Special Education teacher shortage likely to get worse before it gets better
The significant teacher shortages that have long existed -- particularly in the area of special education -- were problematic before the COVID-19 pandemic and unfortunately, the virus has only served to make these challenges even worse.
A 2014-15 educator supply-and-demand survey revealed that all 10 special education subgroups were listed as severe shortage areas. Because we know special education teachers are 2.5 times more likely to leave the profession, it makes recruiting and retaining special education teachers even more challenging.
And where we see the largest discrepancy with teacher shortages -- particularly special education positions -- is in high-poverty urban districts and remote rural schools. According to the National Coalition on Personnel Shortages in Special Education & Related Services (NCPSSERS), this trend disproportionately affects high-poverty school districts, with 90 percent of districts reporting problems finding qualified personnel.
A long-term solution for the special education teacher shortage is needed because traditional methods are not working. School districts need to be forward thinking and begin to develop relationships with future educators before they enter the job market. They also must find non-traditional ways to promote and market their school districts and the opportunities they provide.
And now is a prime opportunity for school districts to begin the process of rethinking their approach to hiring. The pandemic is forcing many people to consider leaving more metropolitan areas for more rural communities. While these rural school districts may not offer the same kind of pay scale as suburban school districts, the cost of living and the lack of congestion makes school districts in more rural areas much more attractive than perhaps they used to be. Plus, life in rural communities means people are more spread out, which is an advantage when considering the possibility of future viruses as contagious as COVID-19.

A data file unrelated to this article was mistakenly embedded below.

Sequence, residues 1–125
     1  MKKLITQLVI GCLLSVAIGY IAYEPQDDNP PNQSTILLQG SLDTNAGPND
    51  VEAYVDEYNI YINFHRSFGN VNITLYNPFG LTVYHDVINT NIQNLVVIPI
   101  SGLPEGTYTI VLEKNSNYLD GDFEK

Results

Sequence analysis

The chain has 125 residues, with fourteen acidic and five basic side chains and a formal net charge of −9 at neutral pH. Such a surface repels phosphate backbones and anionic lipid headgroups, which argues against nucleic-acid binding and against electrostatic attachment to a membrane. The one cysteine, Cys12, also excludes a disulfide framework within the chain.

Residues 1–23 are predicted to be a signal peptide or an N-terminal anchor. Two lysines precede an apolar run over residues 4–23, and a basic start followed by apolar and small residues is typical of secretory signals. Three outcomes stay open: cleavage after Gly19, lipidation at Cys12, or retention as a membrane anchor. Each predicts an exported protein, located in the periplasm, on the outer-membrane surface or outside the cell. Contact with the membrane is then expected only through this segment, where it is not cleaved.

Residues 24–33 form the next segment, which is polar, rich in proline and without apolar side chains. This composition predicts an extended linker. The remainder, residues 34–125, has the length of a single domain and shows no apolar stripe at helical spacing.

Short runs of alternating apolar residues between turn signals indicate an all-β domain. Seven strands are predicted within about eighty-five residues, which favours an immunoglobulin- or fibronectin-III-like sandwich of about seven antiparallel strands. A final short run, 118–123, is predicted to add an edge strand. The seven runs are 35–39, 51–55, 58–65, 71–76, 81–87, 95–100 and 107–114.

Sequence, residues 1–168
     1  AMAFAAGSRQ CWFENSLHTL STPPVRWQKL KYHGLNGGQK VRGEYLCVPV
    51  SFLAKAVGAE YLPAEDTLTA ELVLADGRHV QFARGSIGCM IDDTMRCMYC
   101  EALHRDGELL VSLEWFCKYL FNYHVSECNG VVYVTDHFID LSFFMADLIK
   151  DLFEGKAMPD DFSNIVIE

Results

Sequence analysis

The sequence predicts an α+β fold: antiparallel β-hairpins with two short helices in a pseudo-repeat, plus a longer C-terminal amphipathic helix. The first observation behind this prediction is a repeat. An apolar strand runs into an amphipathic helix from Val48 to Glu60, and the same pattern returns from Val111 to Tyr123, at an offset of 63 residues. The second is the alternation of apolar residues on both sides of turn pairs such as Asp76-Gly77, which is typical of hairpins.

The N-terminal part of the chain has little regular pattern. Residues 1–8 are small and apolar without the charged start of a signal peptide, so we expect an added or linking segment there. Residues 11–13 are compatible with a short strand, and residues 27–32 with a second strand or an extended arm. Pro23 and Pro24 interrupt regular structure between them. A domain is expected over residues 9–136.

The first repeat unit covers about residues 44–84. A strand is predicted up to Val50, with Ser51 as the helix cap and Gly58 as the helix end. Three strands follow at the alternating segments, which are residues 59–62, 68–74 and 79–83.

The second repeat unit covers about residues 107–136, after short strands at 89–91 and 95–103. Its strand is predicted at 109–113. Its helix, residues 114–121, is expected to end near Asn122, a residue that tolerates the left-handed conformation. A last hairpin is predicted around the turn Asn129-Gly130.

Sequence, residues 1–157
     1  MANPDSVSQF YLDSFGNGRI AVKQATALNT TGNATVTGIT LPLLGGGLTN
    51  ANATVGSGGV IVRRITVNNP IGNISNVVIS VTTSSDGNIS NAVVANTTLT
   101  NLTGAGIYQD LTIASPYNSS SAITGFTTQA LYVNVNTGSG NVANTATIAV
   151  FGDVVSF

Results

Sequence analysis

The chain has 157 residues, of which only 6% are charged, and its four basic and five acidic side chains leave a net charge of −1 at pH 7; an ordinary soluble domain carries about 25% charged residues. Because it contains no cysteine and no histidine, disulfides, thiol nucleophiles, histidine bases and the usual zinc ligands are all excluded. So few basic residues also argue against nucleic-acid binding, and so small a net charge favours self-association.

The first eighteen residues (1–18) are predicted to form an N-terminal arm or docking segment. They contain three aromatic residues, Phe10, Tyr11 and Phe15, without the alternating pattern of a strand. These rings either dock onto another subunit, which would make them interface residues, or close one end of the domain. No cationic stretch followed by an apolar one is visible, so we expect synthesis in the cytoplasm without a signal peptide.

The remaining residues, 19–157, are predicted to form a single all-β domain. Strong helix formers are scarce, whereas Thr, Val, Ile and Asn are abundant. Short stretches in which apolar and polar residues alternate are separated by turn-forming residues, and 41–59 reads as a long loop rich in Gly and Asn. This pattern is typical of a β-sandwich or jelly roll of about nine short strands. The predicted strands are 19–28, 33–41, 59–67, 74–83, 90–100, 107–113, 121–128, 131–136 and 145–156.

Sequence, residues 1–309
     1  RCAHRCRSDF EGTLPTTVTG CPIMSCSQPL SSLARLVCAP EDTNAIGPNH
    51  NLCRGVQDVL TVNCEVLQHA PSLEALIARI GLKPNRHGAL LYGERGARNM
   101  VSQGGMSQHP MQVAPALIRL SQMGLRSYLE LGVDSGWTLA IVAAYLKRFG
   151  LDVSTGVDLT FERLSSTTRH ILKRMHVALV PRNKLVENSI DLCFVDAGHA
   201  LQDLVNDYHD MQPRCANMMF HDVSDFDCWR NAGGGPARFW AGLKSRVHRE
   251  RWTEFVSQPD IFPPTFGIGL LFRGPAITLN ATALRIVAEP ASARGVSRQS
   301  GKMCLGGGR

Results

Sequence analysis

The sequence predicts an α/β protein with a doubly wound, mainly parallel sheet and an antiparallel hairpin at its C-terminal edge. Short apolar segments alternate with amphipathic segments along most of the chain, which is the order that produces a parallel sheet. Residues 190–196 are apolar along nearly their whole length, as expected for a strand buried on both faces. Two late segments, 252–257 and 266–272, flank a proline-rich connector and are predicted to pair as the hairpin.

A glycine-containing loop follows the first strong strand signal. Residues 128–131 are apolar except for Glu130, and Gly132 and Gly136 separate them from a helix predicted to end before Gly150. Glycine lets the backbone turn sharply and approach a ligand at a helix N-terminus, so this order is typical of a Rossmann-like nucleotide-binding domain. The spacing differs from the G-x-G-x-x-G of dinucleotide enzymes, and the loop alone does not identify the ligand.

Additionally, the issue of racial equality is front and center now. Education students looking to make a real difference when it comes to social justice issues and racial equality should be seriously considering the opportunities to teach in high-poverty urban school districts. The opportunities abound in these districts. The key is matching future teachers with these opportunities.
In short, school districts must be more nimble in the hiring process. School districts need to maintain an up-to-date, information-filled website that is easy to navigate. They also should make sure they have a strong social media presence, and they ought to find ways to use social media as a recruiting tool.
School districts should also engage with universities to connect with future educators. It's human nature for people to want to work in a place where they are wanted and appreciated. Life is more than a paycheck and benefits, and today's students are looking for more. They want to work at a place that appreciates them and their talents and where they can make a difference.
While the special education teacher shortage is not disappearing anytime soon, school districts can better fill their open positions with top-notch talent if they are willing to take a more modern approach to hiring and use the technology available to make the right connections with special education job seekers. If used properly, technology can be a great way for school districts to make their recruitment more personal, more relevant and most importantly more successful.
• John Consalvi is a speech pathologist and clinician with experience helping children in Guatemala, the Chicago Public Schools and nationwide. He is founder and CEO of SPEDxchange, an online platform and community of special educators who help school districts source, engage and hire special education staff.